Any person, such as a debt collector, that has acquired or is responsible for collecting delinquent accounts and that reports information to CRAs may comply with the requirements of Section 623(a)(5) (until there is a consumer dispute) by reporting the same delinquency date previously reported by the creditor. If the creditor did not report this date, they may comply with the FCRA by establishing reasonable procedures to obtain and report delinquency dates, or, if a delinquency date cannot be reasonably obtained, by following reasonable procedures to ensure that the date reported precedes the date when the account was placed for collection, charged to profit or loss, or subjected to any similar action. Section 623(a)(5).
Financial institutions that furnish information to “nationwide” consumer reporting agencies, as defined in Section 603(p), must notify consumers in writing if they may furnish or have furnished negative information to a CRA. Section 623(a)(7). The CFPB has prescribed model disclosures, 12 CFR Part 1022, App. B.
A furnisher whose primary business is providing medical services, products, or devices (and such furnisher’s agents or assignees) is a medical information furnisher for the purposes of the FCRA and must notify all CRAs to which it reports of this fact. Section 623(a)(9). This notice will enable CRAs to comply with their duties under Section 604(g) when reporting medical information.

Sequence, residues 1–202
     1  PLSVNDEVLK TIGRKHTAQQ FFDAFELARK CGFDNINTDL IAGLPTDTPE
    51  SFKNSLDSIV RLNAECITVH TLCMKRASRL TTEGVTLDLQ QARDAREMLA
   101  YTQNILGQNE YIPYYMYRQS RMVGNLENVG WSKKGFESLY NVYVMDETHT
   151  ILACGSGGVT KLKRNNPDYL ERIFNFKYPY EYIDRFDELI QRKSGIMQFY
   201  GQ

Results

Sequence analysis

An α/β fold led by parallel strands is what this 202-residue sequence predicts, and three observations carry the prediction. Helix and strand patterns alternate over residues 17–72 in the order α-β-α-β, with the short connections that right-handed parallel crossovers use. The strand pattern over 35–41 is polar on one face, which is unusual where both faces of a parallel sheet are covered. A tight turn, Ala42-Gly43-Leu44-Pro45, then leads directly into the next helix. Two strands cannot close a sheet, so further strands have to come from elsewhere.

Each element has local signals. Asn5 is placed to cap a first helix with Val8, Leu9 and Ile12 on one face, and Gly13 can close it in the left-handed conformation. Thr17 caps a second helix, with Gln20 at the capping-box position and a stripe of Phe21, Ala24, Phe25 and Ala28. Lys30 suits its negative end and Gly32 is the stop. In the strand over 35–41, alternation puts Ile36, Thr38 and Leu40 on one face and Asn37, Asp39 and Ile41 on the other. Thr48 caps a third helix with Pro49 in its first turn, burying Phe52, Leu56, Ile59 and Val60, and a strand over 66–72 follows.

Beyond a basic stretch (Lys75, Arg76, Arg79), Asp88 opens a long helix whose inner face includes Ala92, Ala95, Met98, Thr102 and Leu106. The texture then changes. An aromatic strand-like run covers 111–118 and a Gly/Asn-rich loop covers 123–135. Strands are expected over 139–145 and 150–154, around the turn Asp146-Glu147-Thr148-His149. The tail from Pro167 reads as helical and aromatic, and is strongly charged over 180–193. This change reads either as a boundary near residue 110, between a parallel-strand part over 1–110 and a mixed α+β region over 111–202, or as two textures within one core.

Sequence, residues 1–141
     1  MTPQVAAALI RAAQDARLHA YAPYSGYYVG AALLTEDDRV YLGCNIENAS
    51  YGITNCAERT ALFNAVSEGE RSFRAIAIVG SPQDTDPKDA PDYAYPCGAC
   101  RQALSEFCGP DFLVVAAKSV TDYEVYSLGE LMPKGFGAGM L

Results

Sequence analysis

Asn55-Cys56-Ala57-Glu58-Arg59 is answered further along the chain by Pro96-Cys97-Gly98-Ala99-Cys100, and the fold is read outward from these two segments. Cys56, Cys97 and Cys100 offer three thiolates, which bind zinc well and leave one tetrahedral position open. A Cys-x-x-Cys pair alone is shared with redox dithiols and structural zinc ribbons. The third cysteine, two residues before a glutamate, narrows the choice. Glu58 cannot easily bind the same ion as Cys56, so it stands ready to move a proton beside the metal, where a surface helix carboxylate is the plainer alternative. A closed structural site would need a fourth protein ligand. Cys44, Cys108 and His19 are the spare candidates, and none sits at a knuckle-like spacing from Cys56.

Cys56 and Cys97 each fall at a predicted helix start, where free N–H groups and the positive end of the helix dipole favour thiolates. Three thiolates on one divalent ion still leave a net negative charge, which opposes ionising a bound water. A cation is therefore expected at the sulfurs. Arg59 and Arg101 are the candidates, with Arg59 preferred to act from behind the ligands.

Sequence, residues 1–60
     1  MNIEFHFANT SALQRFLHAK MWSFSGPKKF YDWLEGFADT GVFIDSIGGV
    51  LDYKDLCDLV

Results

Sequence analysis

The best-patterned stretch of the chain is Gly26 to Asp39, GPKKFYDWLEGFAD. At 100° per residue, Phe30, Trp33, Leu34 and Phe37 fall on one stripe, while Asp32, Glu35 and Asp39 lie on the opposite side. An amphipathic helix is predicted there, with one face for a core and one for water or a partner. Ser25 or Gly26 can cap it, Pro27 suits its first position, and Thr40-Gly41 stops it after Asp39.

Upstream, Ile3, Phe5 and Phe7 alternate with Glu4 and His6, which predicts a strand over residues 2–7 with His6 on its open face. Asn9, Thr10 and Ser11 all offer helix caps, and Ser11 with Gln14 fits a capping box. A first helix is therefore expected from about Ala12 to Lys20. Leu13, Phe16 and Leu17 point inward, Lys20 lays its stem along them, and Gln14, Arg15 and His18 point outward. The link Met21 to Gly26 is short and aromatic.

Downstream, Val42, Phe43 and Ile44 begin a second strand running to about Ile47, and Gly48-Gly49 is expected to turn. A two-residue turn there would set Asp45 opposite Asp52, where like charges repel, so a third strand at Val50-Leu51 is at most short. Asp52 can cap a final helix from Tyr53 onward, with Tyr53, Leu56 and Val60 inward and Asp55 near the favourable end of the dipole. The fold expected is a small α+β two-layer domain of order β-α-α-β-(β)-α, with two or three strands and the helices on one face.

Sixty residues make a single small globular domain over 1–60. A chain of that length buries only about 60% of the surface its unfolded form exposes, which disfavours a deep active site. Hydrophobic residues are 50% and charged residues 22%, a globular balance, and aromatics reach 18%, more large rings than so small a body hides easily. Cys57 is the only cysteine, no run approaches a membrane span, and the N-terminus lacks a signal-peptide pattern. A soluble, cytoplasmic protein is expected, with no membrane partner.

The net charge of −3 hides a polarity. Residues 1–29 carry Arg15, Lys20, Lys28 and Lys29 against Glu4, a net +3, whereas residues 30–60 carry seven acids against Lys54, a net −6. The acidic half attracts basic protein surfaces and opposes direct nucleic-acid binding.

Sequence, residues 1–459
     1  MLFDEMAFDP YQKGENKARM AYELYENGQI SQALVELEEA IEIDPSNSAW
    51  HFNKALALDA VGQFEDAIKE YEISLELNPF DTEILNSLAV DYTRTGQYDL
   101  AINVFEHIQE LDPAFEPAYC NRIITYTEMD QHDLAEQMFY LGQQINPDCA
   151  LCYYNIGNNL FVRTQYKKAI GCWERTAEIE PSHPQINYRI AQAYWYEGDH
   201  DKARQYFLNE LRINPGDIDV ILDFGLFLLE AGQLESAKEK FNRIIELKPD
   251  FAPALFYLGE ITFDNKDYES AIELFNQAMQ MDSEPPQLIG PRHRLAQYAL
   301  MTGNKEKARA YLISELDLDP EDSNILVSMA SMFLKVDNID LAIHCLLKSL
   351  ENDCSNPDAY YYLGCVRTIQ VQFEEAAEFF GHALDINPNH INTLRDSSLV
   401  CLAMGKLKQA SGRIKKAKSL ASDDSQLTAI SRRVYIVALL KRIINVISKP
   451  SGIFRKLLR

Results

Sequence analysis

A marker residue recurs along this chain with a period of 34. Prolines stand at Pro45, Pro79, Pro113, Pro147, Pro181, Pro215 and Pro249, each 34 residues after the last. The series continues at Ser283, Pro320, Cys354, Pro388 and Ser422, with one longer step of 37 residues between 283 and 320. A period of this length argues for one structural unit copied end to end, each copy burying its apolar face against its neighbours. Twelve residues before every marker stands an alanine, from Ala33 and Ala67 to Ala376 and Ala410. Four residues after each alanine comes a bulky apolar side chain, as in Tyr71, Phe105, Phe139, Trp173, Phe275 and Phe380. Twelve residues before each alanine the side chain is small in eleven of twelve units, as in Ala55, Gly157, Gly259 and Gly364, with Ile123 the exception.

All furnishers must have in place reasonable procedures to respond to notifications from CRAs that information furnished is the result of identity theft, and to prevent refurnishing the information in the future. A furnisher may not furnish information that a consumer has identified as resulting from identity theft unless the furnisher subsequently knows or is informed by the consumer that the information is correct. Section 623(a)(6). If a furnisher learns that it has furnished inaccurate information due to identity theft, it must notify each CRA of the correct information and must thereafter report only complete and accurate information. Section 623(a)(2). When any furnisher of information is notified pursuant to the procedures set forth in Section 605B that a debt has resulted from identity theft, the furnisher may not sell, transfer, or place for collection the debt except in certain limited circumstances. Section 615(f).
The CFPB’s website, www.consumerfinance.gov/learnmore, has more information about the FCRA, including publications for business and the full text of the FCRA